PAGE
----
What with the $7 billion big-business bailout that those of us on the lower end of the totem pole are footing, the rising cost of gas and other commodities, the realization that paychecks aren't stretching as far, the news of friends and loved ones being laid off, not to mention a highly contentious presidential election on the horizon, this is a horrible, miserable, lousy time for escapist TV to be withheld. So this ongoing battle between LIN TV-owned KXAN, the NBC affiliate that carries many of my favorite escapist series (Heroes, The Office, 30 Rock), and Time Warner Cable has left me stone cold (see "Media Watch," News). I can watch my favorite shows online. I have to wait until the next day, but I can watch them. Local news and weather? There are other options. Like the kid stuck between her divorcing parents, yanked back and forth and forced to choose a side, the answer is easy. I think it's time to run away to AT&T U-verse.
What Else Is On?
Next week, PBS' Frontline premieres a new political documentary about the candidates, and the timing, of course, couldn't be better. Co-produced and co-written by local filmmaker Paul Stekler (with veteran Frontline producer Michael Kirk), The Choice 2008 examines the "rich personal and political biographies of [Obama and McCain] and goes behind the headlines to discover how they arrived at this moment and what their very different candidacies say about America," press materials promise. A review screener was not available by press time, but with Stekler attached, I am betting the rent money it will bypass the eye-winking cheese, the muck, and the sensationalism, to provide a sober, clear-eyed assessment that I, for one, am starved for. The Choice 2008 premieres Tuesday, Oct. 14, at 8pm. The next day, it will be available free on iTunes and YouTube and will stream through the News & Public Affairs Player at www.pbs.org/frontline. Encore presentations of The Choice 2008 air on PBS Sunday, Oct. 26, and Monday, Nov. 3. Check local listings for times.
Another cable network jumps into series television with excellent results. Crash, inspired by the Academy Award-winning film, premieres on Starz next week. The series is already off to a good start, as members of the original's key production team (Paul Haggis, Bobby Moresco) are attached to the series as producers.
As with the original film, the 13-episode series looks at how disparate lives intersect and clash in the otherwise neutral Los Angeles highway system, where everyone meets, but no one has to interact until that one fateful encounter. Dennis Hopper leads a stellar cast, here playing a crazed Ben Cendars, whose days as a music industry mogul may be waning. Jocko Sims as his perpetually dumbfounded driver is an able foil to Hopper's half-cocked Cendars. Crash premieres Friday, Oct. 17, at 9pm on Starz.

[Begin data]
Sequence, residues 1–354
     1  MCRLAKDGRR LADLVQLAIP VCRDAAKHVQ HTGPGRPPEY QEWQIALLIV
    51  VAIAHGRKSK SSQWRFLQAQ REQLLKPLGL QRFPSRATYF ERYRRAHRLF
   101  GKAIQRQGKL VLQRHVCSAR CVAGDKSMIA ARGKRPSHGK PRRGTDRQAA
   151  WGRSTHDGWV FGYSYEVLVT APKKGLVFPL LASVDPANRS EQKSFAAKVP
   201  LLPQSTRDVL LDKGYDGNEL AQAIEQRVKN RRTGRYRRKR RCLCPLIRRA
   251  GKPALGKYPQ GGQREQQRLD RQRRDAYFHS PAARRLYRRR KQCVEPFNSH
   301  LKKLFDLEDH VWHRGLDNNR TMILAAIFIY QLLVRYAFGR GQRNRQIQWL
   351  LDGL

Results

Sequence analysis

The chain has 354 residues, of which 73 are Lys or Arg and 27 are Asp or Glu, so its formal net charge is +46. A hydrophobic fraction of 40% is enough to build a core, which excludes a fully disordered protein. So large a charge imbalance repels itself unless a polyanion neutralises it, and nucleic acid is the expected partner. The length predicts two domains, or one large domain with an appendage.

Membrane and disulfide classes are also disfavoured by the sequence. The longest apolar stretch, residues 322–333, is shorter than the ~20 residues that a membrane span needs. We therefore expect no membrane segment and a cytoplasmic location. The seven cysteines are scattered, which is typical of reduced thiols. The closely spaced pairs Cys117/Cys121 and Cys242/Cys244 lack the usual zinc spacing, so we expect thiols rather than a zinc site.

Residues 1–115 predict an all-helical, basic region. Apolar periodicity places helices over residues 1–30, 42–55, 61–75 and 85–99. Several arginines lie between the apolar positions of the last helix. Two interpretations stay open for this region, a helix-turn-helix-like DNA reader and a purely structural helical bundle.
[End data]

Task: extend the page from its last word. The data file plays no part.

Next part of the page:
David Alan Grier is screamingly funny in his new sketch comedy series, Chocolate News, which premieres Wednesday on Comedy Central. Grier stars as the pompous host of a news magazine show and also appears in a variety of guises to comment on news and pop culture from a deeply African-American perspective. No one and nothing are sacred in this acerbic comedy that will make you wince as much as it will make you howl. I almost fell off the couch when Grier offered up his impersonation of Maya Angelou, reciting a poem written to celebrate Barack Obama's nomination. He then turns his sharp wit at hip-hop, portraying Phat Man discussing his public-service announcement in the form of a music video promoting the No Child Left Behind Act. In this case, he uses the meaning of "behind" salaciously but manages to poke fun at both hip-hop and the No Child Left Behind Act at once. I have only seen one episode, but I'm curious to see what else Grier has brewing in that blazingly deranged head of his. Promises of future reports such as "Tranny Wreck," which delves into the life of a former NBA star turned cross-dressing transsexual named Candelabra who now works the transgender beauty pageant circuit, just sound too good to pass up. Chocolate News premieres Oct. 15 at 9:30pm on Comedy Central.
Independent Lens, the documentary film series, launches its new season with Brett Morgen's Chicago 10. Cleverly melding animation with archival footage, Morgen explores the Chicago Conspiracy Trial following the now infamous 1968 Democratic National Convention. Chicago 10 airs Oct. 22 at 8pm on PBS.
And lastly, yes, it's true. I've fallen under the thrall of Stylista, in which contestants vie for a junior editor position at Elle magazine. Yes, it's a reality show. I've seen two episodes, and I'm hooked beyond belief. Stylista premieres Wednesday, Oct. 22, at 8pm on the CW.
As always, stay tuned.